"Okay, so I thought about this question a lot before I feel asleep, and in between the tossing and turning I did all night, and in the hours following waking up. The problem is that I have too many stories. And most of them I barely remember because it “wasn’t a big deal.” And maybe that’s flawed. Because it is a big deal, but most of us just take it, because what else are we to do? Especially if no laws are broken? I will give you just a few stories out of the many. People reading this may brush it off, think it’s not big deal, feel I’m being an overly sensitive girl, and just believe I need to get over it because it’s what we should expect being in the wedding industry. I tell myself that all the time. But after thinking about this for awhile now, I realize it’s not okay. Just because it happens does not mean it’s okay and should be deemed as normal.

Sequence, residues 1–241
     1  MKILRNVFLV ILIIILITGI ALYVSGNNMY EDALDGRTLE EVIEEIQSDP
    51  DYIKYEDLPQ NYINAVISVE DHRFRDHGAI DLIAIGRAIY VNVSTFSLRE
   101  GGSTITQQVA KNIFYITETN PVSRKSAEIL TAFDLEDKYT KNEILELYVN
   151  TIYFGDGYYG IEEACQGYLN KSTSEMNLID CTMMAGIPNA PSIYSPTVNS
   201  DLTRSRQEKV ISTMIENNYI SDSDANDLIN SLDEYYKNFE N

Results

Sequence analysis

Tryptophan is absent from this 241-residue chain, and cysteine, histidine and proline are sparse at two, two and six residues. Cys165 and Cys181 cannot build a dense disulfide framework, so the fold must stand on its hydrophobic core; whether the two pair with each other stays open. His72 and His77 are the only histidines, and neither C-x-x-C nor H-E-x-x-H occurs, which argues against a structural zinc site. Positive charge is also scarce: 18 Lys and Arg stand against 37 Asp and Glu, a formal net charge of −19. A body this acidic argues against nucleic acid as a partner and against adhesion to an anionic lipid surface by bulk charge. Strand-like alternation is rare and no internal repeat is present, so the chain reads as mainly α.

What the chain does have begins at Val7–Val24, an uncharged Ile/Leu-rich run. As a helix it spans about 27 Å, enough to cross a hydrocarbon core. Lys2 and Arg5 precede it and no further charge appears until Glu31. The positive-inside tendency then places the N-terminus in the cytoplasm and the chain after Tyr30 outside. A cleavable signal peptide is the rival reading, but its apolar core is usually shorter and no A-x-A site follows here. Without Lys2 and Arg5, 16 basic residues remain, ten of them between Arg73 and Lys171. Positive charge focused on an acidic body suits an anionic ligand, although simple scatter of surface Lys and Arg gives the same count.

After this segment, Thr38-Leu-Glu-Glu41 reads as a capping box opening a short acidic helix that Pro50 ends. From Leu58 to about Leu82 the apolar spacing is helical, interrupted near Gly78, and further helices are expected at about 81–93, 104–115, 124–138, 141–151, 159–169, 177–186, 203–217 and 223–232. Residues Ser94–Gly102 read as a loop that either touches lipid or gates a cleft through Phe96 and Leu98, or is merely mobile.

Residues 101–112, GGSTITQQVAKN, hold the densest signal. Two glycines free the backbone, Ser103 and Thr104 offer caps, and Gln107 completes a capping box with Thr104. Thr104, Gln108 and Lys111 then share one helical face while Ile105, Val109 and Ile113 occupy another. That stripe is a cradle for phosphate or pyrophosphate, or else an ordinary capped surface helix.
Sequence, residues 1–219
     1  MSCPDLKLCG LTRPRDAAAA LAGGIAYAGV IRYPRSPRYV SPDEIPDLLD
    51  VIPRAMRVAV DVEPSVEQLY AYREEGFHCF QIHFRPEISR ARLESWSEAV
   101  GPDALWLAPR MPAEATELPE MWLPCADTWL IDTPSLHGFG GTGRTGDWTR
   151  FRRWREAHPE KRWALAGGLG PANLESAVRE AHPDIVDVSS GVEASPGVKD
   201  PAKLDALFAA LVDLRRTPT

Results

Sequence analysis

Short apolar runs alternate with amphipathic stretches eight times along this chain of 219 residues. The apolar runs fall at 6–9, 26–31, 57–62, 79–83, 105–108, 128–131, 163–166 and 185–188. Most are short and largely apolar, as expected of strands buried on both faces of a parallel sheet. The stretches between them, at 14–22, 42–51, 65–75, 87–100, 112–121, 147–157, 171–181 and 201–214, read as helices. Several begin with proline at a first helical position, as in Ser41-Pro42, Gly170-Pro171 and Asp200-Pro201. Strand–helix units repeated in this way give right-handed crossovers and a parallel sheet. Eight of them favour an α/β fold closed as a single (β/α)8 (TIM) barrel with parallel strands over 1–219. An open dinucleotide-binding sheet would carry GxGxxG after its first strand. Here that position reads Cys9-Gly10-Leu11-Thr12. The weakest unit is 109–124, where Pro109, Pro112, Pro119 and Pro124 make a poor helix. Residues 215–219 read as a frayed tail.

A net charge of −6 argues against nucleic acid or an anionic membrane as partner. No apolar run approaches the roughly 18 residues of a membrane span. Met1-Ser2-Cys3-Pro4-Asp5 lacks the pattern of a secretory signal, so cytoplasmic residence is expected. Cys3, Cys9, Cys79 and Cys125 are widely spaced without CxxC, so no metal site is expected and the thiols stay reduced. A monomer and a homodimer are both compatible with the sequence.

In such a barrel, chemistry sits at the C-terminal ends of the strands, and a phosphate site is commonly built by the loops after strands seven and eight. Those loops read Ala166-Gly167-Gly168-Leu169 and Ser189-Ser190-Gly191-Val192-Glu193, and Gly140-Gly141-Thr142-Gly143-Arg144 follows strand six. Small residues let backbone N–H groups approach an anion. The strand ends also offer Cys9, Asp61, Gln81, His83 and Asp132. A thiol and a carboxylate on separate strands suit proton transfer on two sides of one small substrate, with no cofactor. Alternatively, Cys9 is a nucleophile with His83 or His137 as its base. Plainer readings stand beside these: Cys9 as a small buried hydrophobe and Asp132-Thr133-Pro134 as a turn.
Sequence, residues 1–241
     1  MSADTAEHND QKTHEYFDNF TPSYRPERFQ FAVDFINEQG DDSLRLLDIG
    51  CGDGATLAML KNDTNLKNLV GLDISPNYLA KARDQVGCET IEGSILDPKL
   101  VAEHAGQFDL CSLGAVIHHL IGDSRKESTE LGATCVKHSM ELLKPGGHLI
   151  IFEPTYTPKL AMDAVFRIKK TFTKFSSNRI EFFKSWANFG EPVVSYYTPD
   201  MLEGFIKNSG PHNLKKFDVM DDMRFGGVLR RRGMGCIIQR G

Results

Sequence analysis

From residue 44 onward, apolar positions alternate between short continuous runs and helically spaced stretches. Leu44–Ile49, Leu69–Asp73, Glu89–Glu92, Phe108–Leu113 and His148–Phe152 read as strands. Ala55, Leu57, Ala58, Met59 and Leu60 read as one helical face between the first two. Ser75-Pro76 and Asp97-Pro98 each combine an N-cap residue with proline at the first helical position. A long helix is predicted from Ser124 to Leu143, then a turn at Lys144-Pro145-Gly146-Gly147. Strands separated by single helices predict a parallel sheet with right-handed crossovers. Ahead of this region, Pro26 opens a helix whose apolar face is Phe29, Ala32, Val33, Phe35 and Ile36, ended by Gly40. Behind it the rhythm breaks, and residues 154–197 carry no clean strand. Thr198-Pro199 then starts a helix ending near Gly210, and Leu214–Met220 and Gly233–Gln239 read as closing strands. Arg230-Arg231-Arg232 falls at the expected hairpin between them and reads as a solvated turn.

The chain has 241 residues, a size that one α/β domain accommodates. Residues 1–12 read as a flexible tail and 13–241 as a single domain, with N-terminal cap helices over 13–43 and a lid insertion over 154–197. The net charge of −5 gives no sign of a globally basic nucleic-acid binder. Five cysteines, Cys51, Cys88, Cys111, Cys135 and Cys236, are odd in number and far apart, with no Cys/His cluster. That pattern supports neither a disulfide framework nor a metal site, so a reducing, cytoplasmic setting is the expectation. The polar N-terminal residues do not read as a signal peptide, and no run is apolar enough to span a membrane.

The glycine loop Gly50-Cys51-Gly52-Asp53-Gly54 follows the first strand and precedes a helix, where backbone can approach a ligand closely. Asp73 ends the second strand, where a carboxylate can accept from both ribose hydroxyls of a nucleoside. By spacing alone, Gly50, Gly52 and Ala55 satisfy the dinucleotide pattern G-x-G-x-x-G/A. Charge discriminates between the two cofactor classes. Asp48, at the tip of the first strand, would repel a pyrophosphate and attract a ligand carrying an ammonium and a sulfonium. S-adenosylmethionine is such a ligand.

I have been groped many times while walking through a drunken dancing crowd at a reception, holding my camera high above my head and firing off shots to get some fun dancing photos for the couple. Some may ask, “Well how do you know you were actually groped? You were walking through a crowd of people”. Oh, we know. We know the difference between being bumped and accidentally having your hands graze over us… typically those people will acknowledge it and say they’re sorry more than once. When you are groped, you feel the hand on your butt, your thigh, and sometimes even your breast. And they are pretty good at what they do. You both know what just happened, but you can’t really call it out because they do it subtly and they know it.